As black women, Haitian women’s bodies were political terrains. With rampant pseudo-scientific understanding of blacks women’s sexual degeneration since the mid decades of the nineteenth century, these images contrast sharply with what most observers would have imagined when thinking of women in an “exotic” island. Aside from their aesthetic value, these photographs depict female civility in accordance with Western values of the period. If we understand these pictures as political statements, historians may ask: were these photographs attempting to challenge popular discourses of the day regarding black womanhood and if so, does it follow that black individuals, on a global scale, began to view themselves in accordance and with an implicit acceptance of Eurocentric understandings of race? Similarly, what could a study on images of the Haitian élite reveal about what 1920s Haitian intellectual Jean-Prince Mars called “collective bovarism(Ainsi parla l’Oncle, 1928) when reflecting about Haiti’s upper crust?

To this date, perhaps due a lack of material sources, few historians have attempted to answer these questions in relations to Haiti. With their various expositions the CIDIHCA (Centre International de Documentation et d'Information Haïtienne, Caribéenne et Afro-canadienne [International Haitian, Caribbean and African-Canadian Center for Documentation and Information]) – has tried to speculate on these interrogations. In the past decade or so, the organization doubled its efforts to recover long lost photographs of Haiti. Much work still needs to be done with a close collaboration between archivists, historians, but also elements of the civil society (in and out of Haiti).

Regardless of these difficulties, every little visual fragments of Haiti’s past, as these images make clear, can help us re-image Haitian society and its élite.

Night street scene
Bolton Street from Dolphin Lane, Baltimore, Maryland
Hughes Company
8x10 inch glass negative
Baltimore City Life Museum Collection
Maryland Historical Society

The LGBTQ Map Your Inner Nerd Has Been Waiting For

Welcome to Quist 2.0! Our new features include:

  • The option for daily push notifications
  • A tutorial
  • Choice of language (only Spanish is live so far, but sign up for our email list to find out as others are released)
  • Dozens of new historical events, mostly from outside the U.S.
  • Improved accuracy in keyword search
  • Released for Windows phones for the first time (updated on iOS/Apple and Android devices)
  • And a geotagged global map of LGBT historic sites as well LGBT/HIV-related archives, museums, and memorials

The first three features are easy to find. Simply tap the Menu button in the top right corner of any screen and select “Settings” at the bottom of the list to get this screen (below) to toggle any of your options.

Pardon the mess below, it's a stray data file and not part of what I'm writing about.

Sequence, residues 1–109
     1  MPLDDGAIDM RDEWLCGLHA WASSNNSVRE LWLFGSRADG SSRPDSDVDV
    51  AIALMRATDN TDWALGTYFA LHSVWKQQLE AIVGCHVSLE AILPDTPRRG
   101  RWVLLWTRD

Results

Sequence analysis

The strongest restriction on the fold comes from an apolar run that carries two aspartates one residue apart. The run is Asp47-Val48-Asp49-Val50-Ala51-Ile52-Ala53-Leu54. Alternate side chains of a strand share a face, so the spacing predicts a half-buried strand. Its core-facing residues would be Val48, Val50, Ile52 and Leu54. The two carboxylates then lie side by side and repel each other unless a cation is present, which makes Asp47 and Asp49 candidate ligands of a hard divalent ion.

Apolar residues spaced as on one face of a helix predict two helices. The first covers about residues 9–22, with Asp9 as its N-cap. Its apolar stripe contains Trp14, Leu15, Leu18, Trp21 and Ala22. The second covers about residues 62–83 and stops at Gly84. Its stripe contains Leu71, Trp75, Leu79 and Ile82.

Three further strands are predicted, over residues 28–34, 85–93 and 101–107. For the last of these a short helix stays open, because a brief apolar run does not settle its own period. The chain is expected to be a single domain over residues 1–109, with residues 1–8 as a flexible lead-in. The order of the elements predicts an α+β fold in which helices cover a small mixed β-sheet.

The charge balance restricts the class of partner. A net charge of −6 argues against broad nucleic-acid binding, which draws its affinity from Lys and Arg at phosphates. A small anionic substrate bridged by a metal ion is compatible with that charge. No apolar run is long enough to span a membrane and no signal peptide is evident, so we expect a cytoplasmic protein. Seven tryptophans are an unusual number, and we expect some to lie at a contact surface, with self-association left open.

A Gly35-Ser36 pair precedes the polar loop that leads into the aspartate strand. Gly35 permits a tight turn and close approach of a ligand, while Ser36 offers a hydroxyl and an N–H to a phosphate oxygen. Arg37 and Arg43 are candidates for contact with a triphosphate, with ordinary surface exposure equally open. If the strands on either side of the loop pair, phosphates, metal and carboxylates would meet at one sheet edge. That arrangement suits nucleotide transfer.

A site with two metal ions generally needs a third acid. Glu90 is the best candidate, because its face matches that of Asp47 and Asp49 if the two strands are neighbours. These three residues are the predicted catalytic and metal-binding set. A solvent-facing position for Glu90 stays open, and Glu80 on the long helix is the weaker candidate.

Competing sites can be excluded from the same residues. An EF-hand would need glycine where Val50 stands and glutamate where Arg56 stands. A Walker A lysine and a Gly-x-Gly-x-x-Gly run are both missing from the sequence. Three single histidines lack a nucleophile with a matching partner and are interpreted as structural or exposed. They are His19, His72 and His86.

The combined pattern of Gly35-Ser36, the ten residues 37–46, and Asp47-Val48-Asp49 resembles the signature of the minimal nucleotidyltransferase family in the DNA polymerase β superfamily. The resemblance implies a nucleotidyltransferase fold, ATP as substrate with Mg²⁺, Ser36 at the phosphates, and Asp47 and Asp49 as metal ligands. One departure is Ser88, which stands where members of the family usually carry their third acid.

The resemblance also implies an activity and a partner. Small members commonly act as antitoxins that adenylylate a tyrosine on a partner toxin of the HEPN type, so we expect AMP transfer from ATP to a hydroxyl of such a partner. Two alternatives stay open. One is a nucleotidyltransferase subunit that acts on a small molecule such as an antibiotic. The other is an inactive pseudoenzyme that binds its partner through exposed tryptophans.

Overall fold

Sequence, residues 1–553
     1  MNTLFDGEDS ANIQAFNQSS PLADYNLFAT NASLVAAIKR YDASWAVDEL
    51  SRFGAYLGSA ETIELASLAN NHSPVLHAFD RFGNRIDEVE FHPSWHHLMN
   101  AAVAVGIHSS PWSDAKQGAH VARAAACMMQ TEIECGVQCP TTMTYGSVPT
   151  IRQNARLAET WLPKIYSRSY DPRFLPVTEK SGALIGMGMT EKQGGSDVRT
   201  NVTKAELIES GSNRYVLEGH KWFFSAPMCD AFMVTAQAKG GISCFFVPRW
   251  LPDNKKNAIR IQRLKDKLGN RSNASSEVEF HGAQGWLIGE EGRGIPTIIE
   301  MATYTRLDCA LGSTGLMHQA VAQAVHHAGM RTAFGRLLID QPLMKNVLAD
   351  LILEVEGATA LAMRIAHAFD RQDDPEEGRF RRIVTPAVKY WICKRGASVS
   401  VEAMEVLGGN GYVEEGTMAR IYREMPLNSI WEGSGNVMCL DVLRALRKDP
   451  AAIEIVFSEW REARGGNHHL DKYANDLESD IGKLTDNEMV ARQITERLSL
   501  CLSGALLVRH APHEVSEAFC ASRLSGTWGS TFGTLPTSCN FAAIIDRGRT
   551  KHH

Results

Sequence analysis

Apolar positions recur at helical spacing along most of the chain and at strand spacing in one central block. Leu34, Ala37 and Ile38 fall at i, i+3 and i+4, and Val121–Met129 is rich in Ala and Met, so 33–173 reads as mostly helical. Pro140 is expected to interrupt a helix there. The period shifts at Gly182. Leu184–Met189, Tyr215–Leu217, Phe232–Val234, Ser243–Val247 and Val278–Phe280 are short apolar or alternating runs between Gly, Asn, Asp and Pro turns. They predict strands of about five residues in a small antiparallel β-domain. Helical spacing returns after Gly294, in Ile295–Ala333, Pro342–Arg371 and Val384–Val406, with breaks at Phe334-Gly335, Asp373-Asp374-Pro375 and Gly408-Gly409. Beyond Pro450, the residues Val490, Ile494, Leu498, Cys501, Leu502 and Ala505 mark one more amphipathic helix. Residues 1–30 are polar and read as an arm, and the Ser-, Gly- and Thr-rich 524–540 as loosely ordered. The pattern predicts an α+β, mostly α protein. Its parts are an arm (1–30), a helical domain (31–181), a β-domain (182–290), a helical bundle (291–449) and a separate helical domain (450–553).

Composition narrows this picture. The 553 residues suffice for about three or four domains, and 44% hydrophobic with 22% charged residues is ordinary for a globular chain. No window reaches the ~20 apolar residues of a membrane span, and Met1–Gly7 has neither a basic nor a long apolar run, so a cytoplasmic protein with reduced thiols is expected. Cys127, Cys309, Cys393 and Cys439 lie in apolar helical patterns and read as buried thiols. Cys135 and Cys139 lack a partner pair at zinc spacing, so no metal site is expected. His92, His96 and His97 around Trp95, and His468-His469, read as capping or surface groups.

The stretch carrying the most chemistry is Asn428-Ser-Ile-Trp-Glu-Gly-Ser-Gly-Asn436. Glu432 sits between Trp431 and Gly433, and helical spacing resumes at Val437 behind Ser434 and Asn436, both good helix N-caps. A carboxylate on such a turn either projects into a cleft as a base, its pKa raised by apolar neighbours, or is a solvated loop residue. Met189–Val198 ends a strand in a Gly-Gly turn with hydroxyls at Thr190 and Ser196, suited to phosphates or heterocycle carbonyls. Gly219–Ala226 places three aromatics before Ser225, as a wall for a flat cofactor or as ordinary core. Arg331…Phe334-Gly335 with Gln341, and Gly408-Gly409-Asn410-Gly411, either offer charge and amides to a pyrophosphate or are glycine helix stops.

Now to the juicy stuff – the unprecedented map!

Originally posted by hogwartsfansite

From that top right right menu button, choose “Browse by Location.” A Google map that is zoomed out a bit above your current location (if you allow us to know your location) will appear.

There are five types of locations on this supermap:

means that something related to LGBTQ/HIV history happened at this location. It could be the site of a protest, wedding, murder, etc. Places like parliaments have multiple related events. For our U.S. historic places, many are from a partnership with the U.S. National Park Service, who shared their research with us. There are already 0ver 300 of these on the map and we add many more every day.

is for a museum related specifically to the history of sexuality or has another connection to LGBTQ/HIV history. You’ll find erotic art museums, the Georgia O’Keeffe Museum, the World AIDS Museum and over 20 more.

represents an archives location. Most are stand-alone LGBT archives but there are also notable university collections, LGBT libraries, and a few AIDS-related archives. There are around 50 of these so far.

is for a LGBTQ monument or memorial. This could be a pink triangle memorial plaque or a statue of a LGBTQ person, for example. There are about 60 of these on the map to start.

means that an AIDS memorial is at the location. There are about 120 of these in the world and we partnered with AIDSmemorial.info who provided us with the locations, images, and descriptions of each one.

So as you zoom in and out by pinching the screen like with any mobile device, give the map a second to load the hundreds of markers in that area. You can tell certain cities in the California example below have multiple locations in them.

At a closer level you’ll be able to see where those multiple markers actually are.

When you click on an icon (from any level of zoom), you’ll see a pop-up like one of the two below. It will either show you a description or related historical events. If you click on a related historical event it will take you to that event’s page, not the location page.

When you tap on the hyperlinked name of the location, you’ll come to the location’s full page with reference, related Quist events, description, and more.

When you tap on the top image banner, you’ll to see the full photo with the credit information and caption.

Whenever you tap on space on a country that isn’t a marker, you’ll get a list of all the historical events Quist has for that country like the example below.

Et voilà! Share the good news with your friends and enjoy.

Questions? Email info@quistapp.com.